The Gallifreyan Time Lord known as The Doctor, as the currently on television Doctor Who season finale will attest, has many an enemy. There are the Cybermen and the Daleks and the Sontarans, to name a few. Perhaps though there is no enemy so equal to The Doctor as The Master.
A Time Lord himself, The Master is the yin to The Doctor’s yang (or yang to his yin if you prefer). Through the years of both the original and new Doctor Who series, The Doctor has run into this nemesis repeatedly – on different planets, in different incarnations, and in different time periods. The Master first puts in an appearance during the time of the Third Doctor’s exile on Earth (The Doctor ran afoul of his fellow Time Lords for interfering in the affairs of others), and it is as The Doctor’s exile is nearing an end that this particular battle with The Master takes place.
With Jon Pertwee’s portrayal of the Third Doctor and Roger Delgado as The Master (Delgado was the first to play the character) already well established, what one gets in “The Time Monster” is a tale that assumes that the audience has a decent amount of background. The plot for this particular confrontation between the two Time Lords involves The Master masquerading as a professor conducting a laboratory experiment with time in order to unleash a monster known as Kronos which was prayed to by the inhabitants of Atlantis.
Yes, it’s something of a foolish tale, and over the course of the six episodes “The Time Monster” runs, the story does do a fair amount of shifting in focus. It appears at first as though the entire story will take place in the present day before everyone takes a trip back to Atlantis in order to… well, by that point it is all about political intrigue in Atlantis and a very different story than the one the audience was initially served. That might be okay except that the original time travel theory stuff and the bringing of Kronos from the void into the world is far more interesting than the unnecessary Atlantis overlay.
The tale also, at least when looked at today, has an uneasy relationship with the women’s liberation movement. Early in the tale one character is positioned as being very vocal in her support for equality. As the story progresses there are repeated moments, particularly those that deal with the political machinations in Atlantis, where the notion of equality feels to be severely undercut. Intentional or not, it makes “The Time Monster” feel very dated (something that the effects are usually responsible for on Doctor Who).
Pertwee’s version of The Doctor, however, continues to be an excellent one. He manages to be weird, charming, and just slightly devilish every so often in a way that makes you stop and wonder if he really just said or did what you think he said or did. Delgado’s Master, far from the version recently seen by John Simm on the new Who, is cool, calm, and collected (mostly). He is an elegant, suave sort of villain, giving off the same sort of self-assured, evil, vibe one got from the bad guys in the early Bond films.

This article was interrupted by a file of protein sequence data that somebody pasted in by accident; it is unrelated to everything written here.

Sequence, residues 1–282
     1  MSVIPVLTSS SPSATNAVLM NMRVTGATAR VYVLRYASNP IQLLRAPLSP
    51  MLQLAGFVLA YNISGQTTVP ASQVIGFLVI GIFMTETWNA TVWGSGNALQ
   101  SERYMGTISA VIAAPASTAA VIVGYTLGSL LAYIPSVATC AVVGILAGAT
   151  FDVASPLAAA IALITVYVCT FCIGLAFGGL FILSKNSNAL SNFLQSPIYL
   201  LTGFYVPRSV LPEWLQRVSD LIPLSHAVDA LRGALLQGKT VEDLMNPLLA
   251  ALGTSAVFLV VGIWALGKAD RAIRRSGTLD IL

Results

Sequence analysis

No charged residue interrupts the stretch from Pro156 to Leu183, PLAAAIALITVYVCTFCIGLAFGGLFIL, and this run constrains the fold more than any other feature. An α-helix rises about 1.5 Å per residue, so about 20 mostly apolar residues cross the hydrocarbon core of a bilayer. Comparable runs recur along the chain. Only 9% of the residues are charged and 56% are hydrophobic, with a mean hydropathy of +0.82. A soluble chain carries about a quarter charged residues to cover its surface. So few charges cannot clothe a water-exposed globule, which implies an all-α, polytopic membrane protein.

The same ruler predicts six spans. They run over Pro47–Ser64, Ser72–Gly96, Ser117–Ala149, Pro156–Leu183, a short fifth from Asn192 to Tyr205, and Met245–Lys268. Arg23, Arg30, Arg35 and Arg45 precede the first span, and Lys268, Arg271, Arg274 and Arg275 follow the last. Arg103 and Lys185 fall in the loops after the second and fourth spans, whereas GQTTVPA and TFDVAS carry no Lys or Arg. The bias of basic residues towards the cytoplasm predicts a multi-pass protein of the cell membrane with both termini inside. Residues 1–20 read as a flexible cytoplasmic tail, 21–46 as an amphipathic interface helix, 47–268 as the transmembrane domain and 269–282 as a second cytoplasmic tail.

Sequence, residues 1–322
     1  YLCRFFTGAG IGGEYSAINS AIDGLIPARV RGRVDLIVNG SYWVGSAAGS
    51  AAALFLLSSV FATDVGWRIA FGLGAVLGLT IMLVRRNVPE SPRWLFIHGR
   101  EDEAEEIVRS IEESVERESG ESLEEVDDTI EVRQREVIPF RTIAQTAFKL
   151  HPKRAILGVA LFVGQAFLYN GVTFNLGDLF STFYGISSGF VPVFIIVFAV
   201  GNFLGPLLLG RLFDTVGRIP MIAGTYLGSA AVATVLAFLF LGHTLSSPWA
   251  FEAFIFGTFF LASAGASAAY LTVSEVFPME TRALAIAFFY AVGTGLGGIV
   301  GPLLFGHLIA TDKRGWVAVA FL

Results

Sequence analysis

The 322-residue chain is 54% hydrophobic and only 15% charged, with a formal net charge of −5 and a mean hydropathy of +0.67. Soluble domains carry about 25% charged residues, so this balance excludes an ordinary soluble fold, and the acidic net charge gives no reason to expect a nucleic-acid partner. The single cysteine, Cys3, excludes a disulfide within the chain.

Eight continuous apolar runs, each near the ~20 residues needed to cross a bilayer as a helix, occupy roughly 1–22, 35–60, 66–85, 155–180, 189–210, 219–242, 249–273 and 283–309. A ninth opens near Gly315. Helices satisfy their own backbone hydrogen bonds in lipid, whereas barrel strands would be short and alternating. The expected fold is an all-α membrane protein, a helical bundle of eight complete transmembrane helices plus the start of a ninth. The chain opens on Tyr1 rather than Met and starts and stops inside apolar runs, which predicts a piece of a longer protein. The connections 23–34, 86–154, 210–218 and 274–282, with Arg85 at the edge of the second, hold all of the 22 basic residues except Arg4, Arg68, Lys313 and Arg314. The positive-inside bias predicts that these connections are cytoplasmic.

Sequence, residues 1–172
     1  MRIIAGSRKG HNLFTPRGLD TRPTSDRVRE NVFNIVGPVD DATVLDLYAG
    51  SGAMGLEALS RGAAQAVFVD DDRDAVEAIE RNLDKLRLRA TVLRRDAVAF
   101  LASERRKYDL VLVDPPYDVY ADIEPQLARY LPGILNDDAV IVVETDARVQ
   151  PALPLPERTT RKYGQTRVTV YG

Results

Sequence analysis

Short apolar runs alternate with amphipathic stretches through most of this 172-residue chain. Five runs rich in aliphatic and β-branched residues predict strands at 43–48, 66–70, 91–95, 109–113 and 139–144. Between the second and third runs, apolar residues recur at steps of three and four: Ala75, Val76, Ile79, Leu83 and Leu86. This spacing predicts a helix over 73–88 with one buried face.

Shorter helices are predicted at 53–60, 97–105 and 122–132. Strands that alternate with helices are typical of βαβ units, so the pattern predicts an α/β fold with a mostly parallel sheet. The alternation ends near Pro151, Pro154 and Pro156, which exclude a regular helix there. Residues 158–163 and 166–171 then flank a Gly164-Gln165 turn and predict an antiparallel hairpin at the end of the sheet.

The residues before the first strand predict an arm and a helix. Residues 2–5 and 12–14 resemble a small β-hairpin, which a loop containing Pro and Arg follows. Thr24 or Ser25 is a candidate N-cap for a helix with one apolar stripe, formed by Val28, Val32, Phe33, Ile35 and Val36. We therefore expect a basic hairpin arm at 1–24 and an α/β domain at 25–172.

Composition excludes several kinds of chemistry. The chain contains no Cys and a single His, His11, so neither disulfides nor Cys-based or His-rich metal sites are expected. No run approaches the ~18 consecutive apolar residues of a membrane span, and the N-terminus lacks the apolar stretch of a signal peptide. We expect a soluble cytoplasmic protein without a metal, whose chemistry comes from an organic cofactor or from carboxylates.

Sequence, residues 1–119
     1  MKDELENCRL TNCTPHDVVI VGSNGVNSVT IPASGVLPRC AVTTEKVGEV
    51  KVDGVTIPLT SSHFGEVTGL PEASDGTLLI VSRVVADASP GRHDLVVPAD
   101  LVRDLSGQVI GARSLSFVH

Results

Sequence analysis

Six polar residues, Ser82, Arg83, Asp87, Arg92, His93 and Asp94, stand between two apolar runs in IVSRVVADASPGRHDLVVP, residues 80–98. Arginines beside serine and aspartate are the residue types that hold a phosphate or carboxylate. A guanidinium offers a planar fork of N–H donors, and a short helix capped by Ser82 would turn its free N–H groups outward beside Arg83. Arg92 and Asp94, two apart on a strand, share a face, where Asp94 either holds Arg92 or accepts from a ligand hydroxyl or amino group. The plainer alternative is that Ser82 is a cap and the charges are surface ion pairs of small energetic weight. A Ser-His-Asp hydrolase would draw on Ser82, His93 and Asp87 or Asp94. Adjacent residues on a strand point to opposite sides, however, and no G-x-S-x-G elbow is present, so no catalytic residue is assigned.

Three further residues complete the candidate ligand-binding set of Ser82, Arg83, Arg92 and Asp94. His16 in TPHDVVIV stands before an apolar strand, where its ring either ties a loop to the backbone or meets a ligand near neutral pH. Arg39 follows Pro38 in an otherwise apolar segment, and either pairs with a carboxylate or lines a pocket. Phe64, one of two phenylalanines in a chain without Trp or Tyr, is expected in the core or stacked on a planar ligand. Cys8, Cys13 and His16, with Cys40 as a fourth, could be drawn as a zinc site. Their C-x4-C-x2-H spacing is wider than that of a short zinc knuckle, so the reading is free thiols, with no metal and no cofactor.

Back with The Doctor as companion this time out is Jo Grant (Katy Manning). She, in typical companion fashion, has moments of brilliance and moments that make one scratch one’s head. Her best use here, as is often the case with companions, is when she either deciphers what The Doctor is saying so we can all understand it or forces The Doctor to explain himself more clearly. Jo isn’t particularly my favorite companion, but the more episodes I see with her, the more she has grown on me.
The extras included with this release are not quite as good as what we’ve seen in other recent releases of the series. There is an audio commentary track with some of the actors and behind the scenes team, a featurette on the science that went into making the episode, a photo gallery, PDF material with original listings for the episodes, and a brief restoration comparison. With this last item other Who releases have done more full-fledged, and completely engrossing, featurettes on exactly how the restoration was completed. Perhaps they didn’t want to rehash old material here, so what is given instead are just a few short clips with some subtitles giving a very basic explanation of the restoration. It is, especially when compared to what has come before, disappointing even if the results of the restoration are excellent.
There is certainly nothing wrong with Doctor Who: The Time Monster. Pertwee is good, Delgado is good, and the storyline does feature some interesting ideas about the concept of time. The turns the plot takes though are not always satisfying – one could think that the producers simply didn’t fully know where they were going when they began and then didn’t change the opening once they figured it out. I wouldn’t put it on a list of the best episodes of Doctor Who, but it wouldn’t end up near the bottom either.Powered by Sidelines